Anthers: Blue

Our Native Bluebell woods are threatened by the more vigorous Spanish bluebells.  Hybrid Bluebells result from cross pollination. The Hybrid is somewhere in between the two with broader leaves, little scent and flowers all around the stem which droop slightly. The petals are shorter and more open like the Spanish. The tips sometimes roll back.

I hope you’ve enjoyed my trips through the bluebells this month.

The Woodland Trust would like to know where and when bluebells have been seen across the country. Why not join the Big Bluebell Watch and help map bluebells across the country?

Bluebell Watercolour

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April Posy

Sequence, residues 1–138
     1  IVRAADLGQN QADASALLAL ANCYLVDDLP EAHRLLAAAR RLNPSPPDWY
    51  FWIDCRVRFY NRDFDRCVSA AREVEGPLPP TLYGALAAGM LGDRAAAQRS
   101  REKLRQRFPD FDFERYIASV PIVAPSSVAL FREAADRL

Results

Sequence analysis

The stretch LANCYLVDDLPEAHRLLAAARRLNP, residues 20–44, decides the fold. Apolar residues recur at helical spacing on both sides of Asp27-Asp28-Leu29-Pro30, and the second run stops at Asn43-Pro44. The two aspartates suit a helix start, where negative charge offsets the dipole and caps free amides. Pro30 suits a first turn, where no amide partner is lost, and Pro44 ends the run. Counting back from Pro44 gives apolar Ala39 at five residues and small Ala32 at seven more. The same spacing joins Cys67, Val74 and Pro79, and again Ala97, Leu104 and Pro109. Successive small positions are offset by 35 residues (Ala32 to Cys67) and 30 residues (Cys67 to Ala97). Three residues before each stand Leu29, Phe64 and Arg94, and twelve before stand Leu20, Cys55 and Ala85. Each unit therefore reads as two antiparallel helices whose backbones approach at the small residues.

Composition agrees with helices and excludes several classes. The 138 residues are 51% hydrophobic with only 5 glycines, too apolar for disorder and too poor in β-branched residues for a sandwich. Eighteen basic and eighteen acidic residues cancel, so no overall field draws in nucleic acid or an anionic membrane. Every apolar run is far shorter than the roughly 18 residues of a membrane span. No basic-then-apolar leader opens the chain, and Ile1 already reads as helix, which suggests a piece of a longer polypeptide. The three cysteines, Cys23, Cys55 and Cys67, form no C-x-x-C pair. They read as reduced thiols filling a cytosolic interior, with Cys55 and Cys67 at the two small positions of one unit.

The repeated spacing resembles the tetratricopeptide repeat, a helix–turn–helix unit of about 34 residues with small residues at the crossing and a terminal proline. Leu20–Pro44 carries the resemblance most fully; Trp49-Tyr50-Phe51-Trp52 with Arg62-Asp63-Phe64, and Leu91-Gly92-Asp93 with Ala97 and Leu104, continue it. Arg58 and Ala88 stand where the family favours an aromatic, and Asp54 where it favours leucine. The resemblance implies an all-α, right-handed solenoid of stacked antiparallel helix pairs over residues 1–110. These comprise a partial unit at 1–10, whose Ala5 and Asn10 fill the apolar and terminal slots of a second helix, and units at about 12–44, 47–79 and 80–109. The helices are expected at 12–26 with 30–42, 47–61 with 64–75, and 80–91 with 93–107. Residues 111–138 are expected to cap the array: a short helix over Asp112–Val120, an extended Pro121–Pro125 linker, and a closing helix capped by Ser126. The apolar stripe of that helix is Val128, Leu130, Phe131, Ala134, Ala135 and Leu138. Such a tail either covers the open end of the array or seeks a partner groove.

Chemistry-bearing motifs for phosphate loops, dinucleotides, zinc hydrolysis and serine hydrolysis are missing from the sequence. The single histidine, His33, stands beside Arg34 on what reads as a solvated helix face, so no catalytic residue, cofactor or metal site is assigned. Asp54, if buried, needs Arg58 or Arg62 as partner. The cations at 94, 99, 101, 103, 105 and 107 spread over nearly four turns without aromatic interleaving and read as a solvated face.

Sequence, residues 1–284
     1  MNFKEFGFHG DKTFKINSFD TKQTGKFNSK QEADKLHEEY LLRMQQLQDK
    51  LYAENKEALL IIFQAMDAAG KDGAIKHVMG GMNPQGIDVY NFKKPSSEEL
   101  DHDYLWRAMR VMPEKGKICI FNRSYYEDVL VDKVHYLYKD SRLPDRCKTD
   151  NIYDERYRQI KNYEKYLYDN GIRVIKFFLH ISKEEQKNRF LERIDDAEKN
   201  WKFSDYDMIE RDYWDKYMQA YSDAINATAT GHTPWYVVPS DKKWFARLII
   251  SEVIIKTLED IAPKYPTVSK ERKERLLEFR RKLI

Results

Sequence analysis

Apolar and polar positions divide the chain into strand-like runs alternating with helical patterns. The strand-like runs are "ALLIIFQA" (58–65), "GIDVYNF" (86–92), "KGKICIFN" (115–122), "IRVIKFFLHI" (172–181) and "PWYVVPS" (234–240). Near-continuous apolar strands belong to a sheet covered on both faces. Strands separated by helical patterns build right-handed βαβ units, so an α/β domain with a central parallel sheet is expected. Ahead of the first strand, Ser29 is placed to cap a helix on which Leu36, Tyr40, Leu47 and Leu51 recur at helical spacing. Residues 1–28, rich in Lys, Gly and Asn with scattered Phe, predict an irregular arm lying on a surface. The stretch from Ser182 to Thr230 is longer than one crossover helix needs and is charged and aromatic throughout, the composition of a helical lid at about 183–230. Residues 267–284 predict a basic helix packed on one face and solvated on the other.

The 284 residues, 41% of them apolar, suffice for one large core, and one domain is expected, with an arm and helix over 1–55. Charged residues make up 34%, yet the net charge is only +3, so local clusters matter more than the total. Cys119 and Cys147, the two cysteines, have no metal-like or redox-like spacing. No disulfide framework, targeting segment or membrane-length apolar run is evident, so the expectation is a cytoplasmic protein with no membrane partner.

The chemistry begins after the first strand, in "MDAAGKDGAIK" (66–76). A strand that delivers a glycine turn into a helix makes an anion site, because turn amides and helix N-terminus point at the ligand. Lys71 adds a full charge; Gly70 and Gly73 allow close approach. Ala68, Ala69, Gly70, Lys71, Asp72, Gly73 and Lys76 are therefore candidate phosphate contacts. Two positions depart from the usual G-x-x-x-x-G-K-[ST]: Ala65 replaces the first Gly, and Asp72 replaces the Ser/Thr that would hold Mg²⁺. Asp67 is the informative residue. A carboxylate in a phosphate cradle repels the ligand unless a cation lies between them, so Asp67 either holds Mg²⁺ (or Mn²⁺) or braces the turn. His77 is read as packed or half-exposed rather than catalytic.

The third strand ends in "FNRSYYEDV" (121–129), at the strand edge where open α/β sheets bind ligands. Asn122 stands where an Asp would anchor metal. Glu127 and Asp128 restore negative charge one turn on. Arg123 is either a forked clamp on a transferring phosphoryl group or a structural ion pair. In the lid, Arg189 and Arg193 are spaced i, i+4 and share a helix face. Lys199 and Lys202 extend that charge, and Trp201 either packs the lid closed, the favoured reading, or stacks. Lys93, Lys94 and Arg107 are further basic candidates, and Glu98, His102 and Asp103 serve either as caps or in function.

April Posy

`From Sultans of the Ottoman Empire and Dutch Merchants of the Golden Age, to gardeners today, the tulip has captivated people around the world for centuries. This fascinating flower has inspired artists and brought great wealth and even economic ruin to people who have fallen under its spell.’ The Tulip Museum, Amsterdam.

There are at least 16 different divisions of tulips. My favourite are the more flamboyant, frilly double ones and those that are bi-coloured, rather than the simple single tulips. However single tulips do look great when planted in groups. I had several sumptuous red tulips in bloom in April and they inspired the creation of my Posy of the Month.

Double Late Red Tulip

Red Tulip

 

Double Late Tulip

Single Early Tulips

Single Early Tulips bloom early in the season (compared to other tulips). They are known for having very strong stems. This means that they will stand up extremely well to wind and rain, unlike some other types of tulips (for example, Parrot Tulips).

April tulips

April tulips

April tulips

Apricot Beauty – Single Early Tulip

 

Viridiflora Tulips